Researchers at the Smithsonian Tropical Research Institute in Panama said the placement and unusual composition of a cluster of 12 stones, dated as at least 4,000 years old, suggests they were used by a shaman or healer.
Charcoal found directly underneath the cache of stones in the back of a small, prehistoric rock-shelter was radiocarbon dated to 4,800 years ago, while a second fragment of charcoal in a level above the stones was dated to 4,000 years ago, a Smithsonian release reported Monday.
"There was no evidence of a disturbance or pit feature to suggest someone had come along, dug a hole and buried the stones at a later date," said Ruth Dickau, a post-doctoral researcher from the University of Exeter in Britain. "The fact that the stones were found in a tight pile suggests they were probably deposited inside a bag or basket, which subsequently decomposed."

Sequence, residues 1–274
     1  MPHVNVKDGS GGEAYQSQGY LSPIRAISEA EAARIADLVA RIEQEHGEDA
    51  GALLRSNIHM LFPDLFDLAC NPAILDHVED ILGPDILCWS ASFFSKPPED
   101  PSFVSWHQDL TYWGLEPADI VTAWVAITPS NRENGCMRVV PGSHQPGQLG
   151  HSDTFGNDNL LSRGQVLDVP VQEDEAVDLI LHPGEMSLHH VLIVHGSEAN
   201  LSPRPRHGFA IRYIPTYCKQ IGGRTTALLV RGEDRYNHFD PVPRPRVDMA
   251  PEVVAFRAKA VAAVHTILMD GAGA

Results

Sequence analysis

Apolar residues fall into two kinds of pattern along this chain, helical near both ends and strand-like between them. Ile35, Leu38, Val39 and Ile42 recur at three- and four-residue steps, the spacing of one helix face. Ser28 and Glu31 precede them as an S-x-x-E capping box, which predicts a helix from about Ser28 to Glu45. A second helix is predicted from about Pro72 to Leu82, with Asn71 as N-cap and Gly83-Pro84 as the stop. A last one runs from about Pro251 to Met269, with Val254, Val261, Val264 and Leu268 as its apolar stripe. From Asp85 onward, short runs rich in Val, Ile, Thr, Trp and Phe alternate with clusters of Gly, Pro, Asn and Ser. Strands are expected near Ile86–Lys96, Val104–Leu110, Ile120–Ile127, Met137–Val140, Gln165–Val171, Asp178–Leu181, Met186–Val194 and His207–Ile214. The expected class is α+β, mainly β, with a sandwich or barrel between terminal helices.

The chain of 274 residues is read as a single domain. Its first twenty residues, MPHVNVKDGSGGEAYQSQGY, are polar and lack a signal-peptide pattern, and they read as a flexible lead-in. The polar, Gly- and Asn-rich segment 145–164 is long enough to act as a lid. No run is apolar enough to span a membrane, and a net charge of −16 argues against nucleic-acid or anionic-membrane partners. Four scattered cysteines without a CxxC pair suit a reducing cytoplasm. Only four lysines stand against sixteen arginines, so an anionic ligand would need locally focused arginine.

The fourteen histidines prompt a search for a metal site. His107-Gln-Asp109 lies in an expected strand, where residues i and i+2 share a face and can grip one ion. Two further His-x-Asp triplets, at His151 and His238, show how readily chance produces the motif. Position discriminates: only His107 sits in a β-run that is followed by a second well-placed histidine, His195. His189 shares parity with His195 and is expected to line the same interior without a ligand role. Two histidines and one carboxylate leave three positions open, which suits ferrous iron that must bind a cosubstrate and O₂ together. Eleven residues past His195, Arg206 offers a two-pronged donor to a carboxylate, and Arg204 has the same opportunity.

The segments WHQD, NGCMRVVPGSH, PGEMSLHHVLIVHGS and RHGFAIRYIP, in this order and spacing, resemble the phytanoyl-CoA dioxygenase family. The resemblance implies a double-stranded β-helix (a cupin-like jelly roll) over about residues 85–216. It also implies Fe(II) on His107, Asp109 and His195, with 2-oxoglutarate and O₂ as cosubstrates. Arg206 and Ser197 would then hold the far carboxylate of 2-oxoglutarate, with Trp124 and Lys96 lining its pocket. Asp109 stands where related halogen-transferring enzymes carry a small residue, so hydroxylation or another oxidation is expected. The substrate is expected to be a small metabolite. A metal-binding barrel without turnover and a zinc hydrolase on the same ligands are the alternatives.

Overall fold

Shamans or healers belonging to early peoples in Central and South America often included special stones among the objects they used for ritual practices, the researchers said.
Although the rocks and crystals found in the rock shelter are commonly associated with gold deposits in Central America, they said, there is no evidence the stones were collected in the course of gold prospecting.
"But the collector of the stones clearly had an eye for unusual stones and crystals with a special significance whose meaning is lost to us," geologist Stewart Redwood said.
Police: Sword-wielding man demanded free tacos
N.J. man wakes up from 10-hour sleep with knife in back